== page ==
"When you're driving this thing, it's like you're flying—while still on the ground," Will Freeman says of the Morgan 3 Wheeler he drove across 48 states this summer, traveling 18,000 miles across in 80 days. Along the way, the Iowa professor and track and field coach opted for Mom-and-Pop restaurants and lodgings while gathering stories from Americans of all walks of life for his second nonfiction book. "This trip wasn't about the destination," Freeman explains. "It was about what happens along the way."
Flying Solo, but Never Alone
According to Freeman, the iconic, 100-year-old 3 wheeler is a people magnet, which made it easy to find interviewees on his (largely) solo journey.
"Vehicles are typically built by robots, but this thing is absolutely, one hundred percent handmade, and that's the way it's always been with Morgan vehicles," he says. "It shakes and it's got no electric anything on it. It's pure, basic transportation, just like it was 100 years ago when they made it. At the same time, it's the neatest, most fun experience you can get behind the wheel of a vehicle."
"This is a smile machine, that's what I'm finding," he said while on the road in June. "People come up to it, and they're all smiling. If they have kids with them, I put the kids in there so they can take pictures pretending to drive it. It just makes people feel good, and to me that's great." Freeman chose the vintage vehicle for this trip to help spark conversations, but also because he wanted to get back to basics.
Three Wheels and Miles To Go
Traveling puts history in a different context, and you just don't get that through a textbook. It's a whole different learning experience. That's what the open road gets you.
So how does it feel to fly down the highway on three wheels? "You're connected with the road, you're connected with what's going on around you," Morgan says. "It's like an immersion in the road. You don't feel that when you're inside the bubble of an air-conditioned car with music playing. This is different."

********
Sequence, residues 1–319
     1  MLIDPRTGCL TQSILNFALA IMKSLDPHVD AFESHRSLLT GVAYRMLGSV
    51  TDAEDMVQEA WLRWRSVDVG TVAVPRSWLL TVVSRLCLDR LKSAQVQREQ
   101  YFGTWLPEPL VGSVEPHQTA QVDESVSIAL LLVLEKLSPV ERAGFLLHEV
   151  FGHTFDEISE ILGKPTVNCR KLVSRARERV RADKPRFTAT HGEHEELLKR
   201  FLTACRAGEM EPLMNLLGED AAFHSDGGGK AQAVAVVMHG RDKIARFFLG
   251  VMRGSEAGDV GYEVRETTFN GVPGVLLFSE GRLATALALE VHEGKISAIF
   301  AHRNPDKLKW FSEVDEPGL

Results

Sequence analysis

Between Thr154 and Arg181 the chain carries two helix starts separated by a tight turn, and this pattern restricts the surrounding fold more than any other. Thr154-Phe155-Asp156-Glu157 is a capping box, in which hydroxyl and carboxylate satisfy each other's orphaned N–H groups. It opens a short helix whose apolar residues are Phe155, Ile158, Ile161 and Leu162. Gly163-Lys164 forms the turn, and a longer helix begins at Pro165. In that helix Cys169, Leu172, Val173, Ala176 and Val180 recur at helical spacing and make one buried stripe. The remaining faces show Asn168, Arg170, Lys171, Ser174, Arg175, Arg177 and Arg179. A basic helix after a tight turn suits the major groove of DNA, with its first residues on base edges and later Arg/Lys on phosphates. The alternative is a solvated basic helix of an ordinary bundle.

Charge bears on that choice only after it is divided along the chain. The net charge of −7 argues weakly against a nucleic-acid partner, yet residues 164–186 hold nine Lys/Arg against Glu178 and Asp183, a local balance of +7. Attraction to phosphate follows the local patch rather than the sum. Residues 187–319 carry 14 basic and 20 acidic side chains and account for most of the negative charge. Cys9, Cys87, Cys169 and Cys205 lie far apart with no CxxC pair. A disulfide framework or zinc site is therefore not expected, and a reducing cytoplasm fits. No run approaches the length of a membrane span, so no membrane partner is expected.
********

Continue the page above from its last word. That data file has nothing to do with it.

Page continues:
The open road has long beckoned to Freeman, whose previous book, The Quest, details a cross-country motorcycle trip with his then 12-year-old son. "We all have an explorer spirit," he says.
Once you get older and locked into your nine-to-five job, you only get to experience it—if you're lucky—maybe one or two weeks a year on a vacation somewhere. Then, because you're so short on time, it's like, 'Let's get there are quick as we can!' This was different. It was not about the destination; it was about what happened along the way.
Freeman might have been traveling solo, but he was never alone. He had a thousand hits on his website and blog each day, and a team of his students from Grinnell College worked steadily on his bookings and other travel details. And, of course, there were the many new friends he made along the way. The iconic vintage vehicle made for an unforgettable adventure.
It's exciting to meet all different kinds of people. Every day you learn something new, and the best day is the next one.
While on the road, Freeman avoided chain restaurants and hotels, favoring smaller, diners, and lodgings. He also made a point of visiting both historical and spiritual American sites, like the Taos pueblo.
For the journey, Freeman wore a classic Overland B-3 Bomber jacket, modeled after the coats WWII pilots wore at high altitudes. "Being in this vehicle," says Freeman, "made me feel like I was in the fuselage of a very old aircraft, but with updated mechanicals. And Overland's flight jacket was the perfect jacket for it. That's what people were wearing back when this vehicle was originally made—bomber jackets, goggles, leather flight helmets." Freeman also wore an Overland Stetson hat to shield his eyes from the sun, along with a pair of driving gloves to soften his grip.
"I was really fortunate, because Overland was one of the first companies to get on board with this trip," said Freeman. "They gave me confidence. After that, when people saw they were on board, we were able to get other sponsors. I think the trip really resonated with the Overland family. It was just the perfect match."
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